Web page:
And I'm a stubborn bastard too. If we are doing something - ANYTHING - and my kids start acting like wankers then we'll just go home. Whether it's at the in-laws, the store, doing something fun - doesn't matter. Behave, listen to what's been said or it's over. And you have to carry it through. Yes it might be annoying to pack up after making your way somewhere - perhaps even paying to do something - and then immediately ending it and leaving. But it makes it very clear that any dicking around of that degree will immediately end any and all fun - no matter what is happening. And I've heard from other parents that say packing up and leaving is an indication that the kid is really in charge. But that isn't true at all. My daughter has probably had two public tantrums in her whole life. The main one being at the in-laws when she threw a fit and wouldn't (probably couldn't at that point as well) stop. We'd only been there a few hours and were supposed to spend another day and a half there. Instead we instantly drove the hour home. Consequently she's never done that since.
But there she was last night. She ranted and raved inside for ten minutes after that as well. She worked herself up into that frustrating growling, spitting rage that causes her to cough and then throw up a little bit. Her brother - desperate to imitate her - started growling and tried his best to hack something up as well. Then - as quickly as she turned it on - she turned it off and lay down for stories before bed. Not a clue what prompted it at all. During the day I've found a way to be a good parent (ie - firm but fair) that reaffirms that I'm not my daughter's friend - but rather her dad - but then end the tense, emotional stand-off by behaving like a twat afterwards. Basically if I feel like we've spent too much time being combative, or with me having spent an inordinate time loudly talking at my kids I'll end up just barking incomprehensible nonsense. It's sort of a mix of the teachers/adults from Charlie Brown and a wolf. It's a self mockery of me blathering on and on annoyingly - and it works to reset the three of us back to a happy state. It also allows me to loudly yell at my kids without guilt in a language I've invented. I genuinely feel like I'm getting away with something.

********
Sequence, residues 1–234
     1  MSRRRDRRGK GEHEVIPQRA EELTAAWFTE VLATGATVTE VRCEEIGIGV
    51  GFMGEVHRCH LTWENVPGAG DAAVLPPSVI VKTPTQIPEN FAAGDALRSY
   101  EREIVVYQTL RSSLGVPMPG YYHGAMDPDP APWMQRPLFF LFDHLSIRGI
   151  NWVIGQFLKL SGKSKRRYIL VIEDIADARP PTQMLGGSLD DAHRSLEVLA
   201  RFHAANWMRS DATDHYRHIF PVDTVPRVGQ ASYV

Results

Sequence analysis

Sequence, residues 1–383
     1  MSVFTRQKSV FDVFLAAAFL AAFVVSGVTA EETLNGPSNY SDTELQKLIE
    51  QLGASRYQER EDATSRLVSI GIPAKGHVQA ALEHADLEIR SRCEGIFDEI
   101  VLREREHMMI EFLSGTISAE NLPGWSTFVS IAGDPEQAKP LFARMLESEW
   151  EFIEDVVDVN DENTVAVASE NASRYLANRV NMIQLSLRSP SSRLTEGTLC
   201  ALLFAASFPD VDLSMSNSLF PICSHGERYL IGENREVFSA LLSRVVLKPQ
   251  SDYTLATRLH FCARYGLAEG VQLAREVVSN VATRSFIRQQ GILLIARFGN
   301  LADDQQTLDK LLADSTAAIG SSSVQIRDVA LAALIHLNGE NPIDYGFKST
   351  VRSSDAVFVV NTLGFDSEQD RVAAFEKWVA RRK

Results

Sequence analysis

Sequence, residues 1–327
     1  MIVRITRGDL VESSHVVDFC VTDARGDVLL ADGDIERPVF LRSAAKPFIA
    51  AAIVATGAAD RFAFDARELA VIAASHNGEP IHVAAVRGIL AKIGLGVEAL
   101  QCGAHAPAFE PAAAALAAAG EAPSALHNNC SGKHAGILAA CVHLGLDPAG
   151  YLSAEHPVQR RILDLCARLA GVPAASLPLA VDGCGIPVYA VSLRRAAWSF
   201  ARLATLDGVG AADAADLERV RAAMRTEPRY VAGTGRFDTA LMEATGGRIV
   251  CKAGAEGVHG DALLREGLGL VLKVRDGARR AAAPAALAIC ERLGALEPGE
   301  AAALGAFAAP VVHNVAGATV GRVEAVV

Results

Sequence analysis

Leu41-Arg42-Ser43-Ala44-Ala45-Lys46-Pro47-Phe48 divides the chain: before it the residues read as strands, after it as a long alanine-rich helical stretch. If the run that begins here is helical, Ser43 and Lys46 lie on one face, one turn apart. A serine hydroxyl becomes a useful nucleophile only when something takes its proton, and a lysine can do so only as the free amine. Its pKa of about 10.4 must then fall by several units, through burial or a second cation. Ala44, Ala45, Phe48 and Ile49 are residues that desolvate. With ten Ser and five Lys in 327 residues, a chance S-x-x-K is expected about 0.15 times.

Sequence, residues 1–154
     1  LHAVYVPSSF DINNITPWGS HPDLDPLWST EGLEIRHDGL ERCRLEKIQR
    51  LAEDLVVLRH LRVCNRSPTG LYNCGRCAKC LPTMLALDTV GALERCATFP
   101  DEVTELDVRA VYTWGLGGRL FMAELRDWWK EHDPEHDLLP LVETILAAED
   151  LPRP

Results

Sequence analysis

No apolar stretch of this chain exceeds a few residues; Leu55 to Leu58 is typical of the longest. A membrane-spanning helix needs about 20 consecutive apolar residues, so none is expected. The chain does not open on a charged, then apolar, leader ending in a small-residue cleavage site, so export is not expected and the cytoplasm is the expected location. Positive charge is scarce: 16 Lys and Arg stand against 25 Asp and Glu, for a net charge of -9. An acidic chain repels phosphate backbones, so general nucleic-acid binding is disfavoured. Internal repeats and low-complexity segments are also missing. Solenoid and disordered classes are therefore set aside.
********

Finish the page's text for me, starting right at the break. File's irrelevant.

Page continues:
This morning though my son decided to try out two new statements. The first was, "I smell poop!" and then laughing. He didn't smell it by the way. His sister's daily by-the-clock early morning movement was still to come. This statement was quickly followed by the bizarre, "you smell of poop in the snow." I hope that isn't true. It would be a terrible thing to discover about yourself. It did remind me though that I am troubled by a situation involving poo and snow. Really it's a confession that I do feel that I need to make. That being I suffer a compulsion when driving past vast, white, untouched fields of snow outside people's houses to somehow poo right in the middle of it. Not for any pleasure of my own - but just to frustrate endlessly someone in the house when they look outside one morning and see something sullying the pristine sheet of white outside. It fills me with great pleasure to imagine them realizing that not only is there a neat curled-up pile of poo nestling softly on top of the crisp snow - but that it also appears to have been curled out by a person. No footsteps and no sled-tracks. Just a pile of monkey fudge.
Now I'm very antsy about skipping Summer and Fall entirely just so it will snow.